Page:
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Old 06-02-2017, 09:30 PM
 
Location: Macao
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Quote:
Originally Posted by grega94 View Post
Why is Russia opening a ferry service between Vladivostok and Rajin, North Korea if the two countries share a land border and have a railroad connecting the two, wouldn't it be faster and simpler to transport people and goods by train, and if vehicles need to be transported than couldn't they build a road? Is this just Russia trying to prop up North Koreas shipping industry?
Using a ferry (today) would be faster than building the railroads/stations/network (4-5 years at least).
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Old 06-02-2017, 10:32 PM
 
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Quote:
Originally Posted by grega94 View Post
Why is Russia opening a ferry service between Vladivostok and Rajin, North Korea if the two countries share a land border and have a railroad connecting the two, wouldn't it be faster and simpler to transport people and goods by train, and if vehicles need to be transported than couldn't they build a road? Is this just Russia trying to prop up North Koreas shipping industry?
Does North Korea have any rail service that leaves the country? I know there is a rail between China and N Korea, but I wasn't sure if it's only used for official purposes. I've just never heard of any scheduled train service from North Korea to anywhere.
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Old 06-03-2017, 12:56 AM
 
Location: Seattle WA, USA
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Quote:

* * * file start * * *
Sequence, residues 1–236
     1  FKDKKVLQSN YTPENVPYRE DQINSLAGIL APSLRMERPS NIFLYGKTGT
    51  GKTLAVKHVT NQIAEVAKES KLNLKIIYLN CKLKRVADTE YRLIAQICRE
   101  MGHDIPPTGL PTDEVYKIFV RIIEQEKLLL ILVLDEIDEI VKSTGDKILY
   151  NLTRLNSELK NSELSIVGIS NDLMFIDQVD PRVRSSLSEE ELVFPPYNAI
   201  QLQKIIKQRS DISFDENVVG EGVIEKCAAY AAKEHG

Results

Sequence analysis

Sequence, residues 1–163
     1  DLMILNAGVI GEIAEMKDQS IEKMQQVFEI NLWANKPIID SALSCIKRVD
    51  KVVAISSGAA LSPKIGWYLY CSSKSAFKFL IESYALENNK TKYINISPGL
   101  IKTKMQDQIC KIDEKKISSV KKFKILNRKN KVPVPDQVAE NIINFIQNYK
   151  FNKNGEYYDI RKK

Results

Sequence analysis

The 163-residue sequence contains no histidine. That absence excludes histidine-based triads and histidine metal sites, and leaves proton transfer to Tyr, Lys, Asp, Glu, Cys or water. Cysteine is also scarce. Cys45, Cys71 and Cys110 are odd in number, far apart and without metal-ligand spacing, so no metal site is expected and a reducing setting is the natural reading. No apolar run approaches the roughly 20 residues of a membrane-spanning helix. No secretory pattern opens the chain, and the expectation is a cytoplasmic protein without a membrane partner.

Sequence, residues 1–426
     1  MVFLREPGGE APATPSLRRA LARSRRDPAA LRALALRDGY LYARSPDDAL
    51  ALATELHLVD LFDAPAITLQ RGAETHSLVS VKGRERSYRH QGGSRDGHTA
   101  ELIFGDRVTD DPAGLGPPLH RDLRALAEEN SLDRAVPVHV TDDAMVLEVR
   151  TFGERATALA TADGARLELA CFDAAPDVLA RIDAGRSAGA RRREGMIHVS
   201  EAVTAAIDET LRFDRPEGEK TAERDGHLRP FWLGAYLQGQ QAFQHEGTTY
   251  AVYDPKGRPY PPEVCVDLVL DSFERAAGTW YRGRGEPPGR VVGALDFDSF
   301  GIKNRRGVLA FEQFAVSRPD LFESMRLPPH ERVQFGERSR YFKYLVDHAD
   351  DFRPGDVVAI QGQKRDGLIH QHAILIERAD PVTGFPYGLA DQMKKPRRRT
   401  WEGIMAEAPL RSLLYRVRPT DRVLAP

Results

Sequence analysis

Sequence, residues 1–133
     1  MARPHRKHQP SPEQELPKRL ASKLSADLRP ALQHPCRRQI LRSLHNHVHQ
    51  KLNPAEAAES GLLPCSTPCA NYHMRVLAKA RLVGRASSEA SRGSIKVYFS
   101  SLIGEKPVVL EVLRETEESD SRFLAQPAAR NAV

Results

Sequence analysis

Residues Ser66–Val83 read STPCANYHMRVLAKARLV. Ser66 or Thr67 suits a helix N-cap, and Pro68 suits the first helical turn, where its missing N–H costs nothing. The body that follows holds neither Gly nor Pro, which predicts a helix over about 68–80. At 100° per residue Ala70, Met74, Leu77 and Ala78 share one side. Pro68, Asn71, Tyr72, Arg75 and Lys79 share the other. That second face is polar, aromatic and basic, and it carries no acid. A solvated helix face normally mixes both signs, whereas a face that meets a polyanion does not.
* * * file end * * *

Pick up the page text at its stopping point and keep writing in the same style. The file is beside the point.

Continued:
Originally Posted by Mattks View Post
Does North Korea have any rail service that leaves the country? I know there is a rail between China and N Korea, but I wasn't sure if it's only used for official purposes. I've just never heard of any scheduled train service from North Korea to anywhere.
If you look on google maps there is a railroad bridge that crosses over the North Korean/Russian border.
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Old 06-03-2017, 07:20 AM
 
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Quote:
Originally Posted by grega94 View Post
If you look on google maps there is a railroad bridge that crosses over the North Korean/Russian border.
Interesting, maybe for border control reasons they don't use it, I'm not sure.

I never knew Vladivostok had casinos. Looks like there are currently 7 casinos there. I also didn't realize S Korea had casinos in Busan, but it's not much, 3 casinos and they are all small.

It's not somewhere I would be interested in going to, but I could see them getting some northern Chinese tourism and maybe some Koreans. I would choose Macau over Vladivostok any day.

It looks like they have some ski resorts in the area as well and the city has a pretty location with the bay and mountains in the background. It could be a really neat city someday.
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Old 06-03-2017, 11:13 AM
 
Location: State of Transition
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Quote:
Originally Posted by Mattks View Post
Interesting, maybe for border control reasons they don't use it, I'm not sure.

I never knew Vladivostok had casinos. Looks like there are currently 7 casinos there. I also didn't realize S Korea had casinos in Busan, but it's not much, 3 casinos and they are all small.

It's not somewhere I would be interested in going to, but I could see them getting some northern Chinese tourism and maybe some Koreans. I would choose Macau over Vladivostok any day.

It looks like they have some ski resorts in the area as well and the city has a pretty location with the bay and mountains in the background. It could be a really neat city someday.
They already get quite a bit of Chinese tourism. There are Chinese tour companies that sell the destination as a return to China's historic city/region.

I find it a bit odd how Russia goes about doing economic development around the country. It seems that Moscow decides everything, still; Moscow wants Vladivostok to be a big tourism center, so *poof* money appears to invest in that. It decides Ulan Ude, Buryatia, should be a huge economic hub, so *poof* money appears out of nowhere, and things start happening, apartment complexes are designed for tens of thousands of workers to move into the region, industrial centers are planned, etc.